Baby Led Weaning: Things to Know Before Getting Started

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Baby led weaning is quite simply letting your baby feed himself. As per a study, BLW encourages babies to choose healthier foods which also protects them against obesity in childhood. Most babies reach for food at around six months, which is the same time when the mothers are encouraged to wean, as per the research. By this time, the child is developmentally capable of feeding themselves proper food. In this article, we will be discussing about some useful tips as well as the do’s and don’ts of the same:

Read More: Beet and Carrot Soup Homemade Baby Food Recipe

A Guide for Baby Led Weaning

baby led weaning

Tips for Successful Baby-Led Weaning

Begin With Soft First Foods

There are a number of good options to begin with for instance ripe fruits, flaky fish, cooked egg yolks, puffed cereals, shredded meats, cooked pastas and vegetables.

Wait Until the Baby is Ready

You do not have to rush into the process. It is always best to wait until you feel your baby is ready. He/she should be able to sit in a high chair unassisted, move food to the back of her mouth with up and down jaw movements and must have good neck strength.

Do not Stop Breastfeeding and Formula

The baby’s biggest source of nutrition will continue to be breast milk or formula until your baby turns 10-12 months old. Do not discontinue with either of these.

Prep Those Foods for Easy Grasping

Make sure to cut into long, thin strips or with a crinkle cutter as this make it a lot easier for your baby to manage.

Read More: Barley Water Recipe – Weaning food for your Infant

Get Ready for the Mess

The basic aim of baby-led weaning is to let your little one explore food at his/her own pace. Yes, you guessed it right! This will also involve a lot of smashing, smearing, dropping and actually everything that you could or couldn’t expect. For this, you can just place a garbage bag or a plastic tablecloth under the high chair for easy clean up.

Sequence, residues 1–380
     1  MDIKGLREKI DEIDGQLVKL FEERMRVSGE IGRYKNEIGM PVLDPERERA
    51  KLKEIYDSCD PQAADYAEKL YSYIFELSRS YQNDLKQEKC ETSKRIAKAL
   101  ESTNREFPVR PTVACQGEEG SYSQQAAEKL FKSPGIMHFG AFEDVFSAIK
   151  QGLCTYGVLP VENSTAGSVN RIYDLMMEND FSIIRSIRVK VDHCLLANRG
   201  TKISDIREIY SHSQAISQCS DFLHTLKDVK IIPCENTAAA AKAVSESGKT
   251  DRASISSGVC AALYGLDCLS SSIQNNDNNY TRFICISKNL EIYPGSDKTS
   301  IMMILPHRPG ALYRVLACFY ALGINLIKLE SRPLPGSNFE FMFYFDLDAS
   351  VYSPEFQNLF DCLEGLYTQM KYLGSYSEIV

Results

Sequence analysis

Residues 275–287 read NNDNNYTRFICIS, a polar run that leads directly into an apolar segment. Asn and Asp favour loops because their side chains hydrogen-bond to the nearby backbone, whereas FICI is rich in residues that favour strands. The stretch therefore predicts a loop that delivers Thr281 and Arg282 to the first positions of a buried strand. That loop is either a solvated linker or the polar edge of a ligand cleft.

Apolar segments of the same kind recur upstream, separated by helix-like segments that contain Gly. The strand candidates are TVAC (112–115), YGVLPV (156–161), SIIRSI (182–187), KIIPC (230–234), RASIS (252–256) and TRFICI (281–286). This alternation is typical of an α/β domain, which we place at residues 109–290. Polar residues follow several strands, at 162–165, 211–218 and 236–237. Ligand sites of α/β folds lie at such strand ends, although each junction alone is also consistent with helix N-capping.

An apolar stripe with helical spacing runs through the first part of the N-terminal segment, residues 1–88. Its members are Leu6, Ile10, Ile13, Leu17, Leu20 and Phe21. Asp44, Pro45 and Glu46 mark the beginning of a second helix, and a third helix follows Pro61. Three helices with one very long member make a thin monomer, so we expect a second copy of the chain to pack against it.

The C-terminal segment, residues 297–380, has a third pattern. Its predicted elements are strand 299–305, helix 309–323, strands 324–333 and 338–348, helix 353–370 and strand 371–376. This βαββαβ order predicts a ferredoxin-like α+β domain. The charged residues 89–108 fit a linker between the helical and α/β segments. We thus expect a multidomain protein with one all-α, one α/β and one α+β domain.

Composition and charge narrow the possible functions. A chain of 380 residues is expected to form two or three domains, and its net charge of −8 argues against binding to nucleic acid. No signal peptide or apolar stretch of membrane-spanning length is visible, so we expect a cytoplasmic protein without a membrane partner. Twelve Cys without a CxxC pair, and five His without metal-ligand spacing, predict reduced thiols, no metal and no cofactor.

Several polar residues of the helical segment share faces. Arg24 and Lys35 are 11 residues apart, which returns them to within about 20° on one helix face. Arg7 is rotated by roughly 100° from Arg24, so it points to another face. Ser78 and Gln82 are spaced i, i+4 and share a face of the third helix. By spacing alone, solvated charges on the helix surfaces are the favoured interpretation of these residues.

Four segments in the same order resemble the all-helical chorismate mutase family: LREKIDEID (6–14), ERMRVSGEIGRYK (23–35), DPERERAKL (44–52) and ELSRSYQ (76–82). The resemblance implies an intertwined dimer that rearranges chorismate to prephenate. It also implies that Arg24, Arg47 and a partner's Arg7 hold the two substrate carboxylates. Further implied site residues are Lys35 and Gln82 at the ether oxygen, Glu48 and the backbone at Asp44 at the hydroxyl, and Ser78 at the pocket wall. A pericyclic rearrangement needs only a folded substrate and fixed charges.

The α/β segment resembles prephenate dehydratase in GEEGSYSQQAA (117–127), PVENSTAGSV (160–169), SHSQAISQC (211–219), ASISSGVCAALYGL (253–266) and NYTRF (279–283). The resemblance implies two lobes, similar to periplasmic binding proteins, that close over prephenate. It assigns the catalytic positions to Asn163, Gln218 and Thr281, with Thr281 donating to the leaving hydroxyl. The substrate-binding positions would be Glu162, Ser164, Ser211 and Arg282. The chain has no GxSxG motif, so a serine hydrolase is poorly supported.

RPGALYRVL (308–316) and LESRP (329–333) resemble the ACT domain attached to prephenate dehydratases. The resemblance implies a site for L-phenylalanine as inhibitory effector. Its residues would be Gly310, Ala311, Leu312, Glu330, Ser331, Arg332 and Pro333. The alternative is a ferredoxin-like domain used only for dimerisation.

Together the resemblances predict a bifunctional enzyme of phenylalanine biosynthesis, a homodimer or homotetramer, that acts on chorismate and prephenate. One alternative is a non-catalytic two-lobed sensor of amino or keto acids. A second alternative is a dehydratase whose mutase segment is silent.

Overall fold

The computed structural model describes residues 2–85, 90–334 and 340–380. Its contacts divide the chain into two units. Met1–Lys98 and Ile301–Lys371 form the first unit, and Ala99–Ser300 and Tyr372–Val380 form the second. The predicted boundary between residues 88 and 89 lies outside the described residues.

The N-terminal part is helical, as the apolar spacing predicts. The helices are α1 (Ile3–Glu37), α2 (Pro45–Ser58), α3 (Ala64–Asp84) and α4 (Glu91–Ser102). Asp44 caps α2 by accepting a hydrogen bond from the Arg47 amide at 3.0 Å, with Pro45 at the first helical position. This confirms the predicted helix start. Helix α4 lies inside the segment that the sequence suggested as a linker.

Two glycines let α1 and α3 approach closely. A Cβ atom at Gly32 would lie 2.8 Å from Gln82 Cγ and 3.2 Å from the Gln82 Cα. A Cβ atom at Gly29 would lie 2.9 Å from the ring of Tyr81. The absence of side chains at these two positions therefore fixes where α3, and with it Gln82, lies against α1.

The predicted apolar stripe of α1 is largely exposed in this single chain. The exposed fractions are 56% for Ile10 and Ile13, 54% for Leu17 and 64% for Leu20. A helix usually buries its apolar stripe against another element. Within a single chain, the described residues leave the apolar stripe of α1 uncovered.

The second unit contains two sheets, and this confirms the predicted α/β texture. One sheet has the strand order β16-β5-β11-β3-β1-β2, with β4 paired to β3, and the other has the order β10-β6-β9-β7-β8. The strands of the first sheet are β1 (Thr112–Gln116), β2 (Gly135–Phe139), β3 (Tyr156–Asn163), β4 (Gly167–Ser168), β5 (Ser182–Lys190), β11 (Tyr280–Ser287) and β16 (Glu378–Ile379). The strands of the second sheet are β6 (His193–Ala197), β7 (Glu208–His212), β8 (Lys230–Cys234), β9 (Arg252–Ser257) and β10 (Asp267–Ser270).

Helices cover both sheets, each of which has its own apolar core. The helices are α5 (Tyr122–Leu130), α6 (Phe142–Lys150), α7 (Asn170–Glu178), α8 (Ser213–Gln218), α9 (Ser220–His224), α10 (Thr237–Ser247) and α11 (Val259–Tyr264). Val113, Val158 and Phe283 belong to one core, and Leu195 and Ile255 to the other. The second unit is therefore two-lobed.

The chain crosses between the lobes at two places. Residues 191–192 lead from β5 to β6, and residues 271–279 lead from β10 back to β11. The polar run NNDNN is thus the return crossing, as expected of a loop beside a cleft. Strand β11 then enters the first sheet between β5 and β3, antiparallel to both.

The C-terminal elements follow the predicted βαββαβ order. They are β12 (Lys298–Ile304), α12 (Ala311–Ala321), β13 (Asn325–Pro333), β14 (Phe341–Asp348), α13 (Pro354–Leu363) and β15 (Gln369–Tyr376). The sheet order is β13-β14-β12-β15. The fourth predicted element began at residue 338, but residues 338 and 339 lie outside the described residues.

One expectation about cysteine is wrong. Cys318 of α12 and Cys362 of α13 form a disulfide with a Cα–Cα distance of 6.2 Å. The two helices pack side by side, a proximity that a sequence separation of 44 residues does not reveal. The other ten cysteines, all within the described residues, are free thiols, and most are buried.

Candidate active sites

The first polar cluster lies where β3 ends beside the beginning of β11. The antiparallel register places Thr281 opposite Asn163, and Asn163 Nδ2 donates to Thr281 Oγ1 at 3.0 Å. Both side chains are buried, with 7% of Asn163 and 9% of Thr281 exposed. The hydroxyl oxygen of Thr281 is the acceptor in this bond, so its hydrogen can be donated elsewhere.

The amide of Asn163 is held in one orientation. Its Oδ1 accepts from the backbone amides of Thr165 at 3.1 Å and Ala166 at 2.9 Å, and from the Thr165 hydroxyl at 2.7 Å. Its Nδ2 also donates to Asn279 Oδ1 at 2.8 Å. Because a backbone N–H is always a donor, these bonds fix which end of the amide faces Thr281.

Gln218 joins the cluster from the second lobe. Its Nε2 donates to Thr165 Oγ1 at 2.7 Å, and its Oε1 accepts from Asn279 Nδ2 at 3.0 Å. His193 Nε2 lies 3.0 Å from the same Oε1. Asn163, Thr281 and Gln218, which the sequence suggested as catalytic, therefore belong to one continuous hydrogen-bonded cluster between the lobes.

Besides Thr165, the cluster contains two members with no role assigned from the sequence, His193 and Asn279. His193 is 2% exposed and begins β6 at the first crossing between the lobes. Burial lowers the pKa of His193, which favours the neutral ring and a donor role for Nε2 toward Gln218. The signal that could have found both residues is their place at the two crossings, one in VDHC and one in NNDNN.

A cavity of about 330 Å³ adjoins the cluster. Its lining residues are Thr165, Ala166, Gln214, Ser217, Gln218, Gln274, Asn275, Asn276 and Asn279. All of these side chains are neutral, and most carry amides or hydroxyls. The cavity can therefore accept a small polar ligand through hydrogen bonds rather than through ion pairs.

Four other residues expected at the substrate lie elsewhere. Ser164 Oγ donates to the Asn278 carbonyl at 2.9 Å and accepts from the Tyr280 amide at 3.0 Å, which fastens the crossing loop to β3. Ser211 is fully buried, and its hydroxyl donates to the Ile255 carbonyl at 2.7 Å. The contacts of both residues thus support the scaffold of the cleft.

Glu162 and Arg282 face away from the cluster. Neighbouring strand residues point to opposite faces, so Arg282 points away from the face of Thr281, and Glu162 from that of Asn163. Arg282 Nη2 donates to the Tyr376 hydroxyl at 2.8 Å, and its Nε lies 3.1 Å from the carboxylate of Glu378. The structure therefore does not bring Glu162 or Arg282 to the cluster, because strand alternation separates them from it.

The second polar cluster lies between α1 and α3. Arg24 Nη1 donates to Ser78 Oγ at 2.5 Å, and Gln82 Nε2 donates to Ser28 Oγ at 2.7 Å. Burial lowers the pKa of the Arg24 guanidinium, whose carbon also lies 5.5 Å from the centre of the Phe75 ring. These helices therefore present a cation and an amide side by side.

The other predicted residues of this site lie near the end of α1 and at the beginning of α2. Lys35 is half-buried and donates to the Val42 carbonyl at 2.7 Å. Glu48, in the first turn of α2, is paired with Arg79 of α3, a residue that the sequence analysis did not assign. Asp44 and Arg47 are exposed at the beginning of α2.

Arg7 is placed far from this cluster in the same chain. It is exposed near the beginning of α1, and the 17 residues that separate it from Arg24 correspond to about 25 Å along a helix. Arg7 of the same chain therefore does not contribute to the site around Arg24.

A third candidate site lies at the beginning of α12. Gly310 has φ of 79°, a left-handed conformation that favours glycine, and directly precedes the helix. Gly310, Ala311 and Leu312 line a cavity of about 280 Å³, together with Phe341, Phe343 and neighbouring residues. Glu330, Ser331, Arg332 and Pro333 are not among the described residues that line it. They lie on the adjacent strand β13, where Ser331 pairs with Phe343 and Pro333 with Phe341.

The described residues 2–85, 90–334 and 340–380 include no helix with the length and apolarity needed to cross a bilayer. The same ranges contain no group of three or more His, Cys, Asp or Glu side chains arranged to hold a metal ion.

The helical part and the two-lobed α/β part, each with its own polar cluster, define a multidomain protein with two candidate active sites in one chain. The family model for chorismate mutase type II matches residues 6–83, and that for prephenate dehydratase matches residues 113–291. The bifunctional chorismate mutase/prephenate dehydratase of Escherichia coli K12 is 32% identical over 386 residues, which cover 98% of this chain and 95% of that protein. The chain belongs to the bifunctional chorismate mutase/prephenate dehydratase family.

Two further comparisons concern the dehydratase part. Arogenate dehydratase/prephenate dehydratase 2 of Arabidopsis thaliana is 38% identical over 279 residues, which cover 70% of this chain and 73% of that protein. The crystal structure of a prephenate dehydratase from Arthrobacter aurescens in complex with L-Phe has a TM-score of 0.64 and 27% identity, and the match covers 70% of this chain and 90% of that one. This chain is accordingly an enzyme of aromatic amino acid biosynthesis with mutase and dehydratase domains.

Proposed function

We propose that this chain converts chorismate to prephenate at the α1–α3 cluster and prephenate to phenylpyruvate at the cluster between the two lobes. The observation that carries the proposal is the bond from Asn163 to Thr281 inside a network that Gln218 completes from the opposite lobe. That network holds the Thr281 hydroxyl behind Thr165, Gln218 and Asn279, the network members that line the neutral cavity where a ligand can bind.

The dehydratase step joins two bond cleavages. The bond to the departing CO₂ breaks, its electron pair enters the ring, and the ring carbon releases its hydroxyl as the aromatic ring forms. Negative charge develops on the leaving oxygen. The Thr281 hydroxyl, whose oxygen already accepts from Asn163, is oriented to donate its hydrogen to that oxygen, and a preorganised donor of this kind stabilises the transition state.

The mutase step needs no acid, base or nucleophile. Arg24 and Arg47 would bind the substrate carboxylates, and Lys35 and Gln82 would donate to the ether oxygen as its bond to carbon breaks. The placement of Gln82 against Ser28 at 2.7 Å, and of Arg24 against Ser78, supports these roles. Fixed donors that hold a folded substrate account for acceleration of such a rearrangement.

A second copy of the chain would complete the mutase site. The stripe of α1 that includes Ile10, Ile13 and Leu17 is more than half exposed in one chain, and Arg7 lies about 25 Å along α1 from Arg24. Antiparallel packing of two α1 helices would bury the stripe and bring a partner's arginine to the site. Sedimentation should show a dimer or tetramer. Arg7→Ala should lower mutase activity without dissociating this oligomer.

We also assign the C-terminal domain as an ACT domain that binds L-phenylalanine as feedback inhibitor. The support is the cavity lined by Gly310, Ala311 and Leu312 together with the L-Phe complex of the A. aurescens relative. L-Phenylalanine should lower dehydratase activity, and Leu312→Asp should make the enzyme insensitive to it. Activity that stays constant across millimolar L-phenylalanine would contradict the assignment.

Dine Together

You can allow your child to eat at the table during family hours. In addition to this, you can also give your baby some of the ingredients that are a part of your dish.

Read More: A Guide on How to Burp A Baby

Nutritional Intake

In this, you must also ensure that the food added to your child’s diet is rich in iron, zinc, potassium. Also ensure that there are high calorie foods as well as healthy fats on the tray.

Things Not to Do for Baby Led Weaning

Not Choosing the Correct Time for Meals

Do not choose a bad time for the meals as your baby is unlikely to cooperate if he/she is tired or upset.

Overload on New Foods

It’s always good to keep on adding healthy and nutritious food to your baby’s diet but it does not mean that you have to overload on new foods. make sure you introduce new foods every four days. This will allow you to pinpoint the allergic reactions (if any).

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Enter Panic Mode

No doubt some babies are adept at managing finger foods. but at the same time, gagging is common too in the early days of eating. It is just a safe reflex to get rid of food that may be a little challenging.

Rush Your Baby

Plan meals for a minimum of 10-15 minutes.

Safety

It is advisable that you stay away from choking hazards like raisins, hot dogs, popcorn, raw vegetables, sticky nut butters and grapes.

Ignore the Baby’s Reactions

If your little one has begun to toss the food all over around, he/she has had enough.

Sharp Utensils or Hot Foods

Get your little one a kid-handling fork and spoon. Make sure to avoid toothpicks or other skewers. Also, check the temperature before serving. The meals should be a little warm or cool.

Get Overly Heated

It is a normal, natural and an expected part of one’s life, indeed a day! Do not begin to pressurize, praise or scold your child on the same.

Are There Any Reasons Why i Shouldn’t Try BLW?

In case any of the listed below applies to you, talk to your healthcare provider before you begin with BLW:

  • Your baby was born prematurely.
  • A family history of allergies, digestive problems or food intolerance.
  • Your baby has difficulty picking up food and moving the same to his mouth or he/she has special needs.

Conclusion

We all know most of the food is going to end up being on the walls or on the floor, but that’s just the beginning, right? And after all, it’s just you and your child. just remember that your baby would eat whatever he/she likes. So, at times, you may also have to introduce some food ample number of times for them to like and eat it. Happy eating!

References

https://www.ncbi.nlm.nih.gov/pmc/articles/PMC5934812/

https://www.ncbi.nlm.nih.gov/pmc/articles/PMC5438437/

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